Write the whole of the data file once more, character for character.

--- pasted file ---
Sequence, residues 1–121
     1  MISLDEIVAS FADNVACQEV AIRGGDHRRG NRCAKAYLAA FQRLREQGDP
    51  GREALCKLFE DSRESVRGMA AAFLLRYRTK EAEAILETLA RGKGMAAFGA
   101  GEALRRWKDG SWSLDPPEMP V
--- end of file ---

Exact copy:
Sequence, residues 1–121
     1  MISLDEIVAS FADNVACQEV AIRGGDHRRG NRCAKAYLAA FQRLREQGDP
    51  GREALCKLFE DSRESVRGMA AAFLLRYRTK EAEAILETLA RGKGMAAFGA
   101  GEALRRWKDG SWSLDPPEMP V